Note –

The cpu-shares rctl and the dedicated-cpu resource are incompatible.

Solaris 10 5/08: Specifying the capped-cpu Resource

The capped-cpu resource provides an absolute limit on the amount of CPU resources that can be consumed by a project or a zone. The capped-cpu resource has a single ncpus property that is a positive decimal with two digits to the right of the decimal. This property corresponds to units of CPUs. The resource does not accept a range. The resource does accept a decimal number. When specifying ncpus, a value of 1 means 100 percent of a CPU. A value of 1.25 means 125 percent, because 100 percent corresponds to one full CPU on the system.

Note –

The capped-cpu resource and the dedicated-cpu resource are incompatible.

Scheduling Class in a Zone

You can use the fair share scheduler (FSS) to control the allocation of available CPU resources among zones, based on their importance. This importance is expressed by the number of shares of CPU resources that you assign to each zone.

When you explicitly set the cpu-shares property, the fair share scheduler (FSS) will be used as the scheduling class for that zone. However, the preferred way to use FSS in this case is to set FSS to be the system default scheduling class with the dispadmin command. That way, all zones will benefit from getting a fair share of the system CPU resources. If cpu-shares is not set for a zone, the zone will use the system default scheduling class. The following actions set the scheduling class for a zone:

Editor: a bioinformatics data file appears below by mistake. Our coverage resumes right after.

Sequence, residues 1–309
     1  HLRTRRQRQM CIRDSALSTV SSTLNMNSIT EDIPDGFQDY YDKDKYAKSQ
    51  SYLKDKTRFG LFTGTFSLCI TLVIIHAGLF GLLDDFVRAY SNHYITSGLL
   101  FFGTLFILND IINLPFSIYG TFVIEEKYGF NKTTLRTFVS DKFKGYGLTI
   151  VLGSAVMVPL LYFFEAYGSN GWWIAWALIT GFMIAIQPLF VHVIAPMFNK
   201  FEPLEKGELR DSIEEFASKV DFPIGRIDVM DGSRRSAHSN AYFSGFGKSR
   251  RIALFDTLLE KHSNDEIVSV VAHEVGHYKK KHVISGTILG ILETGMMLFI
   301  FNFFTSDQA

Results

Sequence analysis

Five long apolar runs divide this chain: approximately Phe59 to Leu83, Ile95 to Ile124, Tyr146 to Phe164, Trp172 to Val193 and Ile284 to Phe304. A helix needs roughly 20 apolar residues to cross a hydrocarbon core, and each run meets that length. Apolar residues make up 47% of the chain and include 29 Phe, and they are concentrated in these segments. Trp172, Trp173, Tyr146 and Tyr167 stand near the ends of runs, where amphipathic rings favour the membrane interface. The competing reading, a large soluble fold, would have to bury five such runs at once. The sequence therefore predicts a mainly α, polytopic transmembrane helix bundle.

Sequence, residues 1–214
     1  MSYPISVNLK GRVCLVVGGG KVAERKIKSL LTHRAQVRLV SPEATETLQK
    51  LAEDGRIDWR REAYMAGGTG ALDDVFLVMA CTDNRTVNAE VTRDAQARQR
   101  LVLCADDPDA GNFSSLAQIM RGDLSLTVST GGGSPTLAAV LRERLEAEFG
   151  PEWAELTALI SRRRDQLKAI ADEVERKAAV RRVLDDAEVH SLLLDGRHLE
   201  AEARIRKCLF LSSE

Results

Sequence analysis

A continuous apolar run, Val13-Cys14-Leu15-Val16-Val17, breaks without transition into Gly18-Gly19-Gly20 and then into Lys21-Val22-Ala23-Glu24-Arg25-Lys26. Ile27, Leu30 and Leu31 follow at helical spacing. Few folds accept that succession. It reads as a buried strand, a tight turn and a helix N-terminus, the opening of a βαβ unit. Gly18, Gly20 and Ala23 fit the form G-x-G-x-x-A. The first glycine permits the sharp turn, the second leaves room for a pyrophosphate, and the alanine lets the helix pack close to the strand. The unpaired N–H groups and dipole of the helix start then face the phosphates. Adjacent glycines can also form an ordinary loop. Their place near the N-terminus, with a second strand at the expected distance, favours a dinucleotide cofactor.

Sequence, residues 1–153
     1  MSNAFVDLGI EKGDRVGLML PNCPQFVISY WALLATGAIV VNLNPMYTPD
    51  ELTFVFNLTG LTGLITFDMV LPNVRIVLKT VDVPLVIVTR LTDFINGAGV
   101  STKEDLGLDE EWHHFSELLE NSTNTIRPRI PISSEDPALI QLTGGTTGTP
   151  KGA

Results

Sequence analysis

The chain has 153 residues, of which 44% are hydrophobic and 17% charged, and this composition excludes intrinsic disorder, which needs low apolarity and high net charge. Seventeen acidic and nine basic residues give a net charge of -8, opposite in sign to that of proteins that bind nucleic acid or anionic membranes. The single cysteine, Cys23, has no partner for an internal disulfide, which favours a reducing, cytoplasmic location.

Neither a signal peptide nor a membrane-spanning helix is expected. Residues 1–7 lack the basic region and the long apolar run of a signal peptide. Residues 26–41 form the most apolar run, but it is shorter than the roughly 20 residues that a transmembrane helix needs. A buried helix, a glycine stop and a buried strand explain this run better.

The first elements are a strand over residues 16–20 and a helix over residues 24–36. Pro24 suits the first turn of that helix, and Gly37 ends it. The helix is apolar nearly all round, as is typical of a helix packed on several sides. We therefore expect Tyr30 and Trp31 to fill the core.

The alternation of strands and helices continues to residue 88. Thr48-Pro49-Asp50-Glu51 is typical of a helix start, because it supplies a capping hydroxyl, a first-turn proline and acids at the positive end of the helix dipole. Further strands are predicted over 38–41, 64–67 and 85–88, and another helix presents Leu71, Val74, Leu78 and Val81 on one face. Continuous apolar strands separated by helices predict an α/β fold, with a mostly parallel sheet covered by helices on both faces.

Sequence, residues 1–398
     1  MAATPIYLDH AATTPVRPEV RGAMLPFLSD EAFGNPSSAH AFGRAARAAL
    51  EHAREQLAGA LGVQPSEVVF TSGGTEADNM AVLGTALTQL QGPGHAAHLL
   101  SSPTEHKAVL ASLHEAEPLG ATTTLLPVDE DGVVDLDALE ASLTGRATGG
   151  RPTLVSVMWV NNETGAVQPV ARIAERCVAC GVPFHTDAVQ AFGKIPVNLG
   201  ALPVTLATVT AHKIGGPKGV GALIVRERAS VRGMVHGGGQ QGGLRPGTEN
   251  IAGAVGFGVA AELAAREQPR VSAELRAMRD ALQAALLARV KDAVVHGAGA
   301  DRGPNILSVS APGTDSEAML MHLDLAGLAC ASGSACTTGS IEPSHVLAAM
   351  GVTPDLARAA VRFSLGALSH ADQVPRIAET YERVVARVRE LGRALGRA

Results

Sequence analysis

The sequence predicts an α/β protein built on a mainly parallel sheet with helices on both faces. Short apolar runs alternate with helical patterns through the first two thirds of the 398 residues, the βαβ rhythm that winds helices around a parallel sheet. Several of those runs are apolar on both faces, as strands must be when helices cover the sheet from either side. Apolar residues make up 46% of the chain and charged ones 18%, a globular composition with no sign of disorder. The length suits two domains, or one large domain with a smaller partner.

Note that you can use the priocntl described in the priocntl(1) man page to move running processes into a different scheduling class without changing the default scheduling class and rebooting.

capped-memory Resource

The capped-memory resource sets limits for physical, swap, and locked memory. Each limit is optional, but at least one must be set.

Note –

Applications generally do not lock significant amounts of memory, but you might decide to set locked memory if the zone's applications are known to lock memory. If zone trust is a concern, you can also consider setting the locked memory cap to 10 percent of the system's physical memory, or 10 percent of the zone's physical memory cap.